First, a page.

Scientist Lord Robert Winston

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Published: 2 July 2011

Scientist Lord Robert Winston:

The treasured item you lost and wish you could have again...I do not become too attached to things.  If I lose something, I simply move on.

The unending quest that drives you on...To keep on learning about all manner of things.

The way you would spend your fantasy 24 hours, with no travel restrictions...I’d spend all day skiing alone in the French Alps.  I love the remoteness of the mountains.  I would helicopter to the top of La Vallee Blanche and ski the incredible off-piste decent to Chamonix. I would have dinner there with a bottle of great Burgundy, preferably a La Tache by Romanée-Conti, although that is hard to find these days because the Chinese have bought so much.

The temptation you wish you could resist...I love a really good whiskey, like a 25 year Macallan single malt.  It makes me pleasantly happy and sleepy.

The book that holds an everlasting resonance...Michel de Montaigne’s Book of Essays.  He was a monumentally brilliant French writer in the 16th century whose essays are gems that encapsulate important philosophy.  I urge people to read them.

The priority activity if you were the Invisible Man for a day...I would want to understand Farsi so could I eavesdrop on the Iranian government.  It seems to threaten so much we hold dear in the West, so I’d be riveted to understand what its leaders really think about us.

The way fame and fortune has changed you, for better and worse...I am concerned about the whole cult of celebrity.  I don’t think I am famous, but I do get recognized and asked to sign bits of paper. Being well known has enabled me to support more charitable activities, but I am probably more materialistic than I should be.  I am one for extravagance and probably live more expensively and wastefully that I need to.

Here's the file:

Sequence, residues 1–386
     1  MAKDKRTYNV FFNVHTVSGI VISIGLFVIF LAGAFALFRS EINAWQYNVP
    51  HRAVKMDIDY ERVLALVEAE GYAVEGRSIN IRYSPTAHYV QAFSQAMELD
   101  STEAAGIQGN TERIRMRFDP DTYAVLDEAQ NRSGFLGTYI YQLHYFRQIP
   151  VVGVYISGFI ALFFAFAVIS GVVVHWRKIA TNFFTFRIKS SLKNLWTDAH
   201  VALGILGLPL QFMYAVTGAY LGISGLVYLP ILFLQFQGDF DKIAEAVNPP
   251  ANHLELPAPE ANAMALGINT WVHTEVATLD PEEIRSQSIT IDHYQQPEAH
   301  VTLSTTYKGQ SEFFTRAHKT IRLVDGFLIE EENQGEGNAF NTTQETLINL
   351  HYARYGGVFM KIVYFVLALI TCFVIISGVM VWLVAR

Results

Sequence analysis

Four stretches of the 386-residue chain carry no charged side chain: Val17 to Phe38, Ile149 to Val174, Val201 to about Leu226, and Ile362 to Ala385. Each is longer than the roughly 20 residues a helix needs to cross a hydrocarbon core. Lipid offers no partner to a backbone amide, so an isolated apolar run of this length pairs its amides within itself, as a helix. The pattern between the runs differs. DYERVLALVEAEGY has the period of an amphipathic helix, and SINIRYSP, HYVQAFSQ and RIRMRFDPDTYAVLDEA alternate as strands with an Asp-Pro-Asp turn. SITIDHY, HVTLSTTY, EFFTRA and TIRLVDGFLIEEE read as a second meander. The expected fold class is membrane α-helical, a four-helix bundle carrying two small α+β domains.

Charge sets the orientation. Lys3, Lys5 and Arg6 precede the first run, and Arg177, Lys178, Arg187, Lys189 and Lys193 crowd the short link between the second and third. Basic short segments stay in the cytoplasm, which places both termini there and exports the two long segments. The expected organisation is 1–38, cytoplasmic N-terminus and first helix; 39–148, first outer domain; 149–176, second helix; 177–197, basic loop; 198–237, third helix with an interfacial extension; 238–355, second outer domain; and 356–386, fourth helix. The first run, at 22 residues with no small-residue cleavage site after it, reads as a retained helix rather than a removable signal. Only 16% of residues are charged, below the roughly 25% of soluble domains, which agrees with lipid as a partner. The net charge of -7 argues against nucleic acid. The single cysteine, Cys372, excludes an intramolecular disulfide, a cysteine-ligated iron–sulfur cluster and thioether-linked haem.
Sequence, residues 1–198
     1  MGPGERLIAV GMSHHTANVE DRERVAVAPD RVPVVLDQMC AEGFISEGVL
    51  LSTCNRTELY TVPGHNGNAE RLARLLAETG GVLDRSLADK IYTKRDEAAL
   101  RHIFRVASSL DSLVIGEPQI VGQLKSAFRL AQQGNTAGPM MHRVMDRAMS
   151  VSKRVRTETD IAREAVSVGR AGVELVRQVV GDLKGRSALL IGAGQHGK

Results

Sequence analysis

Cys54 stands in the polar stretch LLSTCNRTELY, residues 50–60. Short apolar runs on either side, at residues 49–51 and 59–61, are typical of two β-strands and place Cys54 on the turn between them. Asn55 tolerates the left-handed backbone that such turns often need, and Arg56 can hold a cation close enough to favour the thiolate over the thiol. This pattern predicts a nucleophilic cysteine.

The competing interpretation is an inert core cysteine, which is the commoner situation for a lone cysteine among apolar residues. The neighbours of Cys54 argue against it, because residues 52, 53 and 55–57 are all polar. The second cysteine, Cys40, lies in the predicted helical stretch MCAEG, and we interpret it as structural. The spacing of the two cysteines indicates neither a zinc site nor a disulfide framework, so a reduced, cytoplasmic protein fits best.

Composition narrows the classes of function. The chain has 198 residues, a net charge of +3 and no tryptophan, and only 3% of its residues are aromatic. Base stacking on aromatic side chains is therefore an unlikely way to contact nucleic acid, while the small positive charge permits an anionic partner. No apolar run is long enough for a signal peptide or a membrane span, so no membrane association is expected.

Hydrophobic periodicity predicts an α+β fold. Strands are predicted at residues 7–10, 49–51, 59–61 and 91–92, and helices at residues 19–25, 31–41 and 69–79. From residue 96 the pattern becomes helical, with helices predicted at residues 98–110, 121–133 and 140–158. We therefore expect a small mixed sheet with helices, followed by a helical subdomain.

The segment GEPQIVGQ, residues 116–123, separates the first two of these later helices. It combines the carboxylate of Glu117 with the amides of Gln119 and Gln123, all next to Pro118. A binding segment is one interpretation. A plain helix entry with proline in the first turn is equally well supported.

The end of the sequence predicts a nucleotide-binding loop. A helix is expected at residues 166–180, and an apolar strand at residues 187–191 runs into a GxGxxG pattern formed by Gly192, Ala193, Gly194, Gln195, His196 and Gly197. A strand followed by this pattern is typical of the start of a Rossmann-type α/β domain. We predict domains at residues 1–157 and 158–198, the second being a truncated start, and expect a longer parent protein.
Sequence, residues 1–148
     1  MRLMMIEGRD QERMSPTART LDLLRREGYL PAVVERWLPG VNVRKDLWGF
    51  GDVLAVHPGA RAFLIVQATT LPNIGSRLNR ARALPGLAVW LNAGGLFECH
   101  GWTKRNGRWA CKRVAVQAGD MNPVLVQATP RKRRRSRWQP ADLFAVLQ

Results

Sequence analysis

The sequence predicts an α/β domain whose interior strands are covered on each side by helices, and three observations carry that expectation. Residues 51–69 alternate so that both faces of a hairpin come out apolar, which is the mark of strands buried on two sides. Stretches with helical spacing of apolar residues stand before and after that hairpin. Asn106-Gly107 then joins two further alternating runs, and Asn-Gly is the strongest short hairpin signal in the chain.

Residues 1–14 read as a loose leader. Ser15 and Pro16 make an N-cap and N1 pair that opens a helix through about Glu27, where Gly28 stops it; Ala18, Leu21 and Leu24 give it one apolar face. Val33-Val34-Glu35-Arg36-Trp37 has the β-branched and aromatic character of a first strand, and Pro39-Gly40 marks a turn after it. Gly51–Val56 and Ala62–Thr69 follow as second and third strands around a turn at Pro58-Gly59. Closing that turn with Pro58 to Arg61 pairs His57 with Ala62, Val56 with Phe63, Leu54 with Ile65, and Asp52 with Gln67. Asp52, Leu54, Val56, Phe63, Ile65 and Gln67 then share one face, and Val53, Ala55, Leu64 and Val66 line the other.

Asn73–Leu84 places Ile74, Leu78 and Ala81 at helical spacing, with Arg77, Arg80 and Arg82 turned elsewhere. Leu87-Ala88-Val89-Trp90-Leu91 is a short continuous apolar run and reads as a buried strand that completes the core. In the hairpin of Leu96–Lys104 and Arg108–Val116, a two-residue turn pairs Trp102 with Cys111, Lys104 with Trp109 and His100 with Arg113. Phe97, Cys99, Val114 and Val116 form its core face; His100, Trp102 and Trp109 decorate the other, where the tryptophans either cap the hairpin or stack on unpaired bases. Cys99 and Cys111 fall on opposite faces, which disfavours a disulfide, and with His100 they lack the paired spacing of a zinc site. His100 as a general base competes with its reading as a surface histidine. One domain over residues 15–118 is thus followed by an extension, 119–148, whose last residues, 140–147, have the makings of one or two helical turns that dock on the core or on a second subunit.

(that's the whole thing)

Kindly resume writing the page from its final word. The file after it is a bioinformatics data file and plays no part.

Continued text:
The film you can watch time and time again...Fanny and Alexander, directed by Ingmar Bergman.  It is about the world seen through a child’s eyes and is a very human film.  It is five hours long, but is absolutely enchanting and one of the greatest films ever made.   

The person who has influenced you most...Professor John McClure Browne.  He was very important in promoting my research into reproductive biology at Hammersmith hospital in the 1970s.  He died of a stroke in 1978.

The figure from history for whom you’d most like to buy a pie and a pint...I don’t like pies or pints, but I’d have a glass of wine with the Austrian composer Franz Schubert.  He is one of the greatest composers and I’d ask him who he really respected musically.  He was a gregarious person, so he would be good company. 

The piece of wisdom you would pass on to a child...Treat everybody with a pleasant countenance and think the best of them.  Then you will get the best out of them.

 The unlikely interest that engages your curiosity...I have been into building Gauge One sized model steam engines for 30 years.  Steam trains have personalities and I make them from kits and they go around my garden on a 45mm track.